Not All Cancer Research Money Is Going Away During COVID University of Chicago Receives $10-million Gift For Cell Therapy – SurvivorNet

As the coronavirus pandemic goes on, cancer researchers around the country tell SurvivorNet that they fear their funding will be diverted to research on the virus. However there are bright spots. The University of Chicago says it just received a $10 million gift from an investor to fund their cellular therapy research for certain types of cancer. The money was provided by David Jonas, the CEO of JVC Investment Partners. The research will be conducted at David and Etta Jonas Center for Cellular Therapy.

Jonas donated the money to University of Chicago specifically because of Dr. Michael Bishops work. Dr. Bishop is a Professor of Medicine at the University of Chicago and is a hematologist and oncologist. He specializes in treatments for leukemia and lymphomas and his research deals with relapse after stem cell transplantation.

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The funding will be put towards improving stem cell therapy, like CAR-T cell therapy.

Cell therapy has been revolutionary for patients with blood cancers This has been a game changer because these are patients who wouldve inevitably died. Their average life expectancy wouldve been six months. But CAR-T cells have permitted some of these patients to achieve complete remissions, says Dr. Bishop in a Chicago Tribune article about the fund.

This fund will help more researchers join the team to better advance therapies. This grant from Jonas comes at a time when cancer research is not gaining as much funding as COVID-19 research efforts.

The Charity organization Cancer Research U.K (CRUK) announced that due to COVID-19, many research areas are not receiving as much funding. Existing grants are being cut by 10% while research centers are being cut by 20%. Overall, CRUK is looking at over $54 million being cut from their research portfolio this year.

The charity admitted toThe Daily Telegraphthat the impact of this pandemic could set back the cancer research effort within the U.K potentially for many years, but the disruption in cancer research is proving to be a world-wide issue.

Researchers told SurvivorNet that newclinical trials in the United States may be pauseddue to restrictions in place during COVID-19. With that being said, it seems that some private donors are attempting to balance out these cuts through personal donations to research groups like Jonas is doing for University of Chicago.

Learn more about SurvivorNet's rigorous medical review process.

As the coronavirus pandemic goes on, cancer researchers around the country tell SurvivorNet that they fear their funding will be diverted to research on the virus. However there are bright spots. The University of Chicago says it just received a $10 million gift from an investor to fund their cellular therapy research for certain types of cancer. The money was provided by David Jonas, the CEO of JVC Investment Partners. The research will be conducted at David and Etta Jonas Center for Cellular Therapy.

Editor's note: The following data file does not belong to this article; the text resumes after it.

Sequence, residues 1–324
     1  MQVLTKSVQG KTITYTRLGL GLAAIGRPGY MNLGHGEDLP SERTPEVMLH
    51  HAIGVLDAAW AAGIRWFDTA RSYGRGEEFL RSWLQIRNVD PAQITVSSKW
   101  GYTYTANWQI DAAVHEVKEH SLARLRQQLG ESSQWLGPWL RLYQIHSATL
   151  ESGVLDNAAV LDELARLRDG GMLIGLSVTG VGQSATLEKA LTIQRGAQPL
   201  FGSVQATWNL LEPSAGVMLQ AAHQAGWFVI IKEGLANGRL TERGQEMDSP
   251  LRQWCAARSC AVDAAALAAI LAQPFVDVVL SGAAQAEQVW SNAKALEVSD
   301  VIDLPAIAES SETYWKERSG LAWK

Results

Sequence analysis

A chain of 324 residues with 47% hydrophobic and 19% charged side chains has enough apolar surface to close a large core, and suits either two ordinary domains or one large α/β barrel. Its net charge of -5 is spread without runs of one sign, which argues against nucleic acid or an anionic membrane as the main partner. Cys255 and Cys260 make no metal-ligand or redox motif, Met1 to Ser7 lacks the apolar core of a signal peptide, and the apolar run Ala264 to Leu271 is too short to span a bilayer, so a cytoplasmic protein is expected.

Jonas donated the money to University of Chicago specifically because of Dr. Michael Bishops work. Dr. Bishop is a Professor of Medicine at the University of Chicago and is a hematologist and oncologist. He specializes in treatments for leukemia and lymphomas and his research deals with relapse after stem cell transplantation.

The funding will be put towards improving stem cell therapy, like CAR-T cell therapy.

Cell therapy has been revolutionary for patients with blood cancers This has been a game changer because these are patients who wouldve inevitably died. Their average life expectancy wouldve been six months. But CAR-T cells have permitted some of these patients to achieve complete remissions, says Dr. Bishop in a Chicago Tribune article about the fund.

This fund will help more researchers join the team to better advance therapies. This grant from Jonas comes at a time when cancer research is not gaining as much funding as COVID-19 research efforts.

The Charity organization Cancer Research U.K (CRUK) announced that due to COVID-19, many research areas are not receiving as much funding. Existing grants are being cut by 10% while research centers are being cut by 20%. Overall, CRUK is looking at over $54 million being cut from their research portfolio this year.

The charity admitted toThe Daily Telegraphthat the impact of this pandemic could set back the cancer research effort within the U.K potentially for many years, but the disruption in cancer research is proving to be a world-wide issue.

Researchers told SurvivorNet that newclinical trials in the United States may be pauseddue to restrictions in place during COVID-19. With that being said, it seems that some private donors are attempting to balance out these cuts through personal donations to research groups like Jonas is doing for University of Chicago.

Learn more about SurvivorNet's rigorous medical review process.

Read more:
Not All Cancer Research Money Is Going Away During COVID University of Chicago Receives $10-million Gift For Cell Therapy - SurvivorNet

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